The Minnesota Supreme Court on Wednesday upheld the murder conviction of a Pope County woman in the case of 4-year-old Eric Dean, whose death led to widespread child protection reforms.
Teachers, caregivers and family members reported Eric for abuse at least 15 times before he was murdered by his stepmother, Amanda Peltier, in February 2013. A jury convicted Peltier of first-degree murder in May 2014 after hearing evidence that she repeatedly bit and beat Eric, and threw him across a room, causing a fatal injury.
The judge in the case sentenced Peltier to life in prison, with a possibility of release in 30 years.
Gov. Mark Dayton demanded an overhaul of the child protection system after the Star Tribune in August 2014 reported on Pope County’s repeated failures to safeguard Eric. The Legislature passed numerous reforms and wrote into law that the “health and safety of a child must be of paramount concern” when counties respond to abuse reports.
In Peltier’s appeal, the Supreme Court agreed with her argument that the prosecuting attorney, Robert Plesha, made several improper remarks in his closing arguments, such as disparaging Peltier’s defense. Plesha, an assistant attorney general, implied to the jury that Peltier wanted a trial “in a desperate attempt to ‘roll the dice,’ ” Associate Justice Christopher Dietzen wrote in the opinion.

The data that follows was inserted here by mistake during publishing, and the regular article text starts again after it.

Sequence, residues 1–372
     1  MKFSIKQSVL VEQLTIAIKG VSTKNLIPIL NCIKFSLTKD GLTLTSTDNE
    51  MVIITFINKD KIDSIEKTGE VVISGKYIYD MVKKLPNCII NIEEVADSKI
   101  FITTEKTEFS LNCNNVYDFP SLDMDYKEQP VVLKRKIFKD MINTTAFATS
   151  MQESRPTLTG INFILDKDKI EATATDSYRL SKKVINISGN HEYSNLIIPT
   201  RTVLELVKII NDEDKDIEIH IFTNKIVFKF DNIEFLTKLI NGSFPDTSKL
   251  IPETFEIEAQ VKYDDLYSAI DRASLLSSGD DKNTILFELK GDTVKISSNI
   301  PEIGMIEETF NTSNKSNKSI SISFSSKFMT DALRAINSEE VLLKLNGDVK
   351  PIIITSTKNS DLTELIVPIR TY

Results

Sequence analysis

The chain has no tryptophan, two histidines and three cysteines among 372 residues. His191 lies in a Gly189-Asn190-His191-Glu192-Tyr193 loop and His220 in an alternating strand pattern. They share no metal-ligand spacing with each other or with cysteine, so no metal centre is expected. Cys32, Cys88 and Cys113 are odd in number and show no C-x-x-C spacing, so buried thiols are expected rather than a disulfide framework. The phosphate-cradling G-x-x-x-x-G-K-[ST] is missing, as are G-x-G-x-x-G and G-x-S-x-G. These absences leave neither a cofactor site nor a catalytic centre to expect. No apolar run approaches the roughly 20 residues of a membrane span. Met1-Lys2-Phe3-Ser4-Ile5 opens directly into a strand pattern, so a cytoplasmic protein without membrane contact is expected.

“These statements were untrue and disparaging, and constituted misconduct,” Dietzen wrote
But the Supreme Court ruled that Plesha’s misconduct did not affect Peltier’s rights.
The evidence “overwhelmingly demonstrates that Peltier engaged in a pattern of malicious punishment of Eric before his death.”
The court dismissed other arguments made by Peltier’s attorneys, including that a key witness for the prosecution, a doctor who had examined the case, prejudiced a jury by saying that Peltier biting Eric was “a particularly vicious form of child abuse.”
Dietzen called the testimony “a close call,” but ultimately found there was no likelihood it affected the verdict.
Peltier, 34, is imprisoned at the Minnesota Correctional Facility in Shakopee.